Mysterious Hand-written Character
This is definitely not a post for beginners. If you’re an advanced learner or literate native speaker of Chinese and take an interest in character variants, you might enjoy this, though.
Take a look at this Chinese character, hand-written for a sign in my Shanghai office:
You’re likely having trouble deciphering that. On first glance, it looked to me like a person component on the left (亻), with two vertically-stacked 人 on the right, a 一 in between them. In fact, the bottom half almost looked like a Korean ㅈ to me. But no, this is Chinese, written by a native speaker/writer of Chinese, and intended for other Chinese people.
Here’s the character as part of a two-character word in context:
Easier to read now?
If you still can’t get it and your Chinese is sufficiently advanced, the rest of the context should make it clear enough:
The notice reads:
So the mystery character here is 货 (huò), as in the word 货梯 (huò tī), or freight elevator.
Does this answer seem wrong to you? It felt wrong to me. I asked some native speakers if they could read it, showing them first the isolated character, then the full context. In every case, they couldn’t read it in isolation, but could read it in context, and while admitting it looked weird, didn’t agree that it was wrong… just sloppy.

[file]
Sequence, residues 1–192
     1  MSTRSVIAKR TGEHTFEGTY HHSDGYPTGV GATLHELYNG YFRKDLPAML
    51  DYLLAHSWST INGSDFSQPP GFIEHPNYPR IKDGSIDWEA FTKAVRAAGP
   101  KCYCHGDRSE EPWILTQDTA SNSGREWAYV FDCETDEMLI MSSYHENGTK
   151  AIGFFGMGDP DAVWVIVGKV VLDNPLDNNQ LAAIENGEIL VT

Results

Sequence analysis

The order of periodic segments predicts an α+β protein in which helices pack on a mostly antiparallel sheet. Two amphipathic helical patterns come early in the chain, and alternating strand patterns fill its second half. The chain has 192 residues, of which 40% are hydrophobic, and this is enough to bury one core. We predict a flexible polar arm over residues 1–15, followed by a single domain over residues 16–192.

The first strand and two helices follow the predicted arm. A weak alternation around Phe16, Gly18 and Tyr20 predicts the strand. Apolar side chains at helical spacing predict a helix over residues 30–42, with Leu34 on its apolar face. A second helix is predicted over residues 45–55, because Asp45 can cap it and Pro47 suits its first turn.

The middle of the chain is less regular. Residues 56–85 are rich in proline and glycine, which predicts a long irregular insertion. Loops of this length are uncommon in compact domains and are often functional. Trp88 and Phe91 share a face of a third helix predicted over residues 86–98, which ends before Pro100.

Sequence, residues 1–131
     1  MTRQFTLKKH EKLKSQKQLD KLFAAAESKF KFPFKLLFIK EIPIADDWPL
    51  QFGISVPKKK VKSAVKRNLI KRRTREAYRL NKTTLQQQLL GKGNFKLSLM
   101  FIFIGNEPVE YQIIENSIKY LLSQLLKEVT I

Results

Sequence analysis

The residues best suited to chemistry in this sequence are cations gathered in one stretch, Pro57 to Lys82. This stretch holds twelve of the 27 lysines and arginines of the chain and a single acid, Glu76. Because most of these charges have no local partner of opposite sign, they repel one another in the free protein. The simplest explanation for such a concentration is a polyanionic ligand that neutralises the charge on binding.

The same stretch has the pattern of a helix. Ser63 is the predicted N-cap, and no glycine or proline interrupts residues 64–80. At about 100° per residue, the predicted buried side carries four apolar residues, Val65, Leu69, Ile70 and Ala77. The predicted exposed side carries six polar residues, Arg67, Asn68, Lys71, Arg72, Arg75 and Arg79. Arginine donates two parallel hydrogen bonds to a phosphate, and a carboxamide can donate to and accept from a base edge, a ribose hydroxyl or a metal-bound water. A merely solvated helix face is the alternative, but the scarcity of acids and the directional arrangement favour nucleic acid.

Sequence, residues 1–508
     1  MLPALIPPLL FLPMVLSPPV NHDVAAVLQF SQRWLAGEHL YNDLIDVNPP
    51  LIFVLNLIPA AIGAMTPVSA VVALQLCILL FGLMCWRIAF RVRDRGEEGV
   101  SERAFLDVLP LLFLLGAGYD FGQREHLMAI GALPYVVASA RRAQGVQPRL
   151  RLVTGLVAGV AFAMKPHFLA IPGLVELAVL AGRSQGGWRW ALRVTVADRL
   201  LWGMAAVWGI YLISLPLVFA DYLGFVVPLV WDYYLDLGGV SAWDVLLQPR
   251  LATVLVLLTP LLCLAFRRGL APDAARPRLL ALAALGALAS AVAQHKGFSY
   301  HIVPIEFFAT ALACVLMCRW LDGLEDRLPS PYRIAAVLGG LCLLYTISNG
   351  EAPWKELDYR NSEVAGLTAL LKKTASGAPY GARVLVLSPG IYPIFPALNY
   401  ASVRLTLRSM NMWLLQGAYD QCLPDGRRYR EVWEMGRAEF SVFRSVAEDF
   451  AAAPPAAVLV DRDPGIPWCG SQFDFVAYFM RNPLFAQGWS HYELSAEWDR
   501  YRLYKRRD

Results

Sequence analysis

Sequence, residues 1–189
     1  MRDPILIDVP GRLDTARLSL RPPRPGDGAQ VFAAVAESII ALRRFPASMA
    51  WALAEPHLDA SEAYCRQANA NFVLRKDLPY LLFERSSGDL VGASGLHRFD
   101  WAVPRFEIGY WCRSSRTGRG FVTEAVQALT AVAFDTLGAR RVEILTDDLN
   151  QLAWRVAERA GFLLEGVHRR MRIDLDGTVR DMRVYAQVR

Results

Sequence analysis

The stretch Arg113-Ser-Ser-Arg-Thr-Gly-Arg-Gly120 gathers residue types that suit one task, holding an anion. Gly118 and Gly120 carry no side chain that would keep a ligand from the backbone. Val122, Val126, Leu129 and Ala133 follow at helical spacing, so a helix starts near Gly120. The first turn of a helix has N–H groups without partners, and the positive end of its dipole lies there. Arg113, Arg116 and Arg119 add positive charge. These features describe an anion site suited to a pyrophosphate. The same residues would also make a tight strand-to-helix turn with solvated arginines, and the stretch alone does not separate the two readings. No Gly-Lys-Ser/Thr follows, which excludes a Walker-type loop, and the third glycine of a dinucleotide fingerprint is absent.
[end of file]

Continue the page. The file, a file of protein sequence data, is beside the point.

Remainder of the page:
OK, but now that we know that the character is supposed to be 货 (huò), we can make a bit more sense of it.
So here’s my analysis:
- First of all, what I originally thought was a 亻 down the left side is actually confined to the top half in a stubby 亻, the bottom of which overlaps with the form beneath it.
- The top of this character should be 化, but the right side is definitely 人 rather than 匕. I’m not sure how anyone could argue otherwise. I see this as mistake #1.
- The bottom part should be 贝, but there’s a stroke missing. I see a 厂 with a 人 inside it (仄). Not sure how you can say there’s not a stroke clearly missing on the right side. I see this is mistake #2.
Given these two clear mistakes (?), I’m not sure why native speakers don’t feel like this character is blatantly wrong, like I do. (If it’s worth anything, my fourth grader, a life-long student of the Chinese school system, couldn’t get how that could be 货 either.) But hey, differences in perception are a big part of what makes this whole language-learning adventure fun.
And, good thing actual hand-to-paper writing is becoming a thing of the past, right??
(But in all seriousness, I do welcome additional analysis!)
P.S. This is a good example where being familiar with the structural patterns of Chinese characters is useful. What I originally assumed to be ⿰ (with a ⿱ embedded on the right side) was actually ⿱. Greater familiarity with different structures gives your mind greater flexibility in character recognition.